“There are lots of poets in football, but they don’t win many titles.”
For a man so rooted in results, in success, in the number of trophies he can hold in his hands, Jose Mourinho has become the very thing he once mocked; a sporting bard.
It was only a few weeks ago that Mourinho stood defiantly in front of the national press and declared he must be given more respect for what he has achieved in his career. Not his tenure at Manchester United nor the qualities of his current team; he demanded reverence for what he accomplished nearly 15 years ago.
Iconic photographs of Mourinho depict a man who once removed his Champions League winners medal just moments after he guided to Porto to victory in 2004. A man so focused on what was to come next, he could barely stand still to enjoy what had just gone before.
Like the photographs, that version of Mourinho is fading. Now he is a man who appears to be looking backwards.
In May 2017, Jose Mourinho delivered his greatest moment as the manager of Manchester United. By winning the Europa League he had guided United back to the Champions League and to their rightful seat at the top table of European football. In winning that final, Mourinho demonstrated to the world he still had it in him. He had recovered from that disastrous third season at Chelsea and had delivered immediate, meaningful success at an elite club.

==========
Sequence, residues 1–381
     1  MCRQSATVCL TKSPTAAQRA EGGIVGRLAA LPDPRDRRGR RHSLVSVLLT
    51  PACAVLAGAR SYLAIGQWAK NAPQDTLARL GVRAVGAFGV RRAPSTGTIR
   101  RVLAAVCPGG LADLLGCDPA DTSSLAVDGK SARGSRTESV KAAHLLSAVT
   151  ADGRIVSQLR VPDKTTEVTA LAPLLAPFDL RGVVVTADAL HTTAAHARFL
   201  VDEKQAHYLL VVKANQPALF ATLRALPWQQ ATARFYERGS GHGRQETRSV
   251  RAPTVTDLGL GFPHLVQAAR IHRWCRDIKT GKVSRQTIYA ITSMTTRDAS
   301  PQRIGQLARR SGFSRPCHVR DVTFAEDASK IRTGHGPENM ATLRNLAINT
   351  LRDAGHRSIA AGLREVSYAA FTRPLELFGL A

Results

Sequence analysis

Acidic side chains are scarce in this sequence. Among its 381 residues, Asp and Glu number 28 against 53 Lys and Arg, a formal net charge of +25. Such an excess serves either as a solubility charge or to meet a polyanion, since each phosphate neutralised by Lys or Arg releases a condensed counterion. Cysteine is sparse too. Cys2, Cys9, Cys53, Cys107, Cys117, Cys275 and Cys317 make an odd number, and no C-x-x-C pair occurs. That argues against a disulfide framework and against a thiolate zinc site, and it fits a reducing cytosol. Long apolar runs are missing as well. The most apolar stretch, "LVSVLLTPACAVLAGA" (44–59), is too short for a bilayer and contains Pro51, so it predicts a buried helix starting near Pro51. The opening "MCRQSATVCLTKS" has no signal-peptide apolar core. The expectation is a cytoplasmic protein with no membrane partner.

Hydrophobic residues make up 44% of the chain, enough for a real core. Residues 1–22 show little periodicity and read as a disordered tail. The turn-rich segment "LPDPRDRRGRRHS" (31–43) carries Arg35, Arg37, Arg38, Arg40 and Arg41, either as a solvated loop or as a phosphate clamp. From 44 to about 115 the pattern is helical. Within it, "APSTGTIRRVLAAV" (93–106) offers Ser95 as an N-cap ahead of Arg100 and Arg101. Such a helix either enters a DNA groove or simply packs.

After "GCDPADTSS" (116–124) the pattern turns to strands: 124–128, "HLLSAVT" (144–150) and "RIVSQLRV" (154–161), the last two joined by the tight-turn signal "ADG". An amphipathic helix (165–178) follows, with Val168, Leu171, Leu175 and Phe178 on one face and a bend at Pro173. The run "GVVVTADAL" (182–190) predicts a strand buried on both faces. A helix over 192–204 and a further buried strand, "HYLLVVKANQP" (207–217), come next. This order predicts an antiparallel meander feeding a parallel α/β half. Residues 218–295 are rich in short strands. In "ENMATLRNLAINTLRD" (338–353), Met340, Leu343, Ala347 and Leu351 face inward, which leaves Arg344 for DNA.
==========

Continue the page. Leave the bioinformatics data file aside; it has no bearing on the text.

It was impressive how he did so, too. He dispatched Ajax with surgical efficiency. In classic Mou style, he set about finding his opponent’s weaknesses and preyed upon them, mercilessly. It was cold, calculated brilliance from a manager who had a point to prove to the rest of the world. A point he made clear in his post-match comments:
“If you want to press the ball all the time, you don’t play short. If you are dominant in the air, you build long. There are many poets in football, but poets don’t win many titles.
We knew where they were better than us, we knew where we were better than them. We tried to kill their good qualities, we tried to explore their weaknesses. We did that very, very well since the first minute and we totally deserve the trophy.”